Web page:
Harris campaign discloses six possible excess contributors
By Kevin Dayton
Advertiser Capitol Bureau Chief
State Campaign Spending Commission executive director Robert Watada also said the Harris campaign report is "incomplete" because it doesn't include the amounts the campaign has raised or spent so far in this election cycle.
Chris Parsons, lawyer for the Harris campaign, said the half-dozen contributors who are listed as donating more than $6,000 may not actually have violated the law.
In each case, the Harris campaign added together contributions that might be deemed to originate from a single source under the Campaign Spending Commission's interpretation of the law, Parsons said. He said that the campaign was being "very, very thorough and very careful," but that further review might show the contributions did not actually come from the same source.
The filings yesterday show Harris' fund-raising efforts are considerably outpacing those of the other candidates for governor, with Harris raising more than $1 million in the six months ending Dec. 31.
That was almost twice as much as raised by Republican Linda Lingle in that period.
Harris' campaign coffers contained slightly more than $1 million heading into the 2002 campaign year, which is a respectable showing but not an overwhelming advantage.
To put the numbers in perspective, Ben Cayetano had about $1.2 million on hand at this stage of his 1994 campaign for governor, and had more than $2.2 million stashed at this stage of his 1998 re-election campaign against Lingle.
Cayetano defeated Lingle by a slim margin of about 5,000 votes in 1998.
Lingle, meanwhile, is collecting money at a faster clip than she did in her 1998 campaign. At the start of 1998 Lingle had about $263,000 on hand, while she had more than twice that much tucked away at the outset of 2002.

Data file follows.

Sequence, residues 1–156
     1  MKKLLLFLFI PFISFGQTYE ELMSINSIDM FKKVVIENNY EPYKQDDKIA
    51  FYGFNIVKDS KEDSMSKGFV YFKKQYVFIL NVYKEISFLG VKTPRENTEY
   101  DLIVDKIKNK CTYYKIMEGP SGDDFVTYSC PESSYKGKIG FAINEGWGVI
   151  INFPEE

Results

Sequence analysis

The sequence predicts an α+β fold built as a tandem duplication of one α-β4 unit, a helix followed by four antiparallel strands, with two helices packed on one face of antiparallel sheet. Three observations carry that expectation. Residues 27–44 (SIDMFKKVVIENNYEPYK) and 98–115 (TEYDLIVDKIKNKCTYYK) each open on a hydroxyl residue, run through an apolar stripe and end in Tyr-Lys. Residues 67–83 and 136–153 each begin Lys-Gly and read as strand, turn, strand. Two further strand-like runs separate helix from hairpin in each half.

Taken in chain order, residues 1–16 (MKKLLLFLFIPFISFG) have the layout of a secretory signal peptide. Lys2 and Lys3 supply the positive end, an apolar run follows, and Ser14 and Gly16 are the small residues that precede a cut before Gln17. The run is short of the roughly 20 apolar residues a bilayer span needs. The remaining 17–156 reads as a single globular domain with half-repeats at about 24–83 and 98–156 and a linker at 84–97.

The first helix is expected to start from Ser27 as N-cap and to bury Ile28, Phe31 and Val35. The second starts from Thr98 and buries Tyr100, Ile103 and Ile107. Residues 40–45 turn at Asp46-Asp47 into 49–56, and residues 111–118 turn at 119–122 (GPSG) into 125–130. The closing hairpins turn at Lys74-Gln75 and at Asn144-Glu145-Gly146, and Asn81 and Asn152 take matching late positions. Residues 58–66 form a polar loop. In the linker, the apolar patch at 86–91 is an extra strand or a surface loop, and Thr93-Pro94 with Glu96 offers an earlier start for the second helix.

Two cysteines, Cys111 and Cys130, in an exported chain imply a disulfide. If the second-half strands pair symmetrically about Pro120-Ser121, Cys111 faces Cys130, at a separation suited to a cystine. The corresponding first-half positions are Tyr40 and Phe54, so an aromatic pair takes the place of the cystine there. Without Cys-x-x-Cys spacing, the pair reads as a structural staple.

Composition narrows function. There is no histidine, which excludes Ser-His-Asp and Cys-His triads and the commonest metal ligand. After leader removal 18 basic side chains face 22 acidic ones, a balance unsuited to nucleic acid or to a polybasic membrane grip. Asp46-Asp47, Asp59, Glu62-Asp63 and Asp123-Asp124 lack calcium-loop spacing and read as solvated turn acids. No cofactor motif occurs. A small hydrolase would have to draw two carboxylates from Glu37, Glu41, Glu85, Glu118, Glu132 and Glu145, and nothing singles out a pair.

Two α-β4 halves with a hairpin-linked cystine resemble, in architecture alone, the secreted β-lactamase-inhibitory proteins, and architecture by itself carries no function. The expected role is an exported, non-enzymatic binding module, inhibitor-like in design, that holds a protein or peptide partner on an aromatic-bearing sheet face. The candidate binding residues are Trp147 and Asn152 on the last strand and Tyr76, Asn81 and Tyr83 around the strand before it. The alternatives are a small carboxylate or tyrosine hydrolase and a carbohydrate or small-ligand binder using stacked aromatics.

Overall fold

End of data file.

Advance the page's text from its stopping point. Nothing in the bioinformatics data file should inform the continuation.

Mufi Hannemann is the fund-raising leader in the Honolulu mayor's race, holding $473,000 at the outset of the year. The closest competitor in the fund-raising arena is Mazie Hirono, with more than $231,000 in reserve, followed by Duke Bainum with $193,000.
Parsons said Harris' campaign filing yesterday did not contain information from previous reporting periods that have not yet been audited. He said the campaign prefers to audit those earlier reports to confirm their accuracy before again reporting those numbers.
"We're trying to do everything in an aboveboard and honest way, and this is the way we thought was the best way to handle it," he said.
The donations that the Harris campaign reported in excess of the legal limit of $6,000 were reported that way because the campaign is using "an abundance of caution" in reporting, according to a letter to the campaign spending commission from Harris campaign treasurer Roger Liu.
Contributions from some people or companies were combined with contributions from others because under the campaign spending law the two might be deemed to be a single entity, according to the letter. An example might be a case where a company makes a contribution and an individual who is part-owner of the company also contributes; in that case, under the law the contributions might be considered as coming from the same source.
Parsons noted it is the responsibility of the campaign contributors to make sure they do not donate too much, and said amounts over the contribution limit will be returned.
The donors were Ann Kusao of planning consultants Kusao & Kurahashi Inc.; Larry Matsuo, principal engineer with Par En Inc.; Clayton C.Y. Pang of the electrical engineering company Leung & Pang Associates Inc.; Brown & Caldwell of Walnut Creek, Calif.; lawyer Eric Yamagata; and architect Pravin Desai.
The state Campaign Spending Commission earlier this month asked for a criminal investigation of Harris' fund-raising after investigators identified numerous contributions that exceeded legal limits.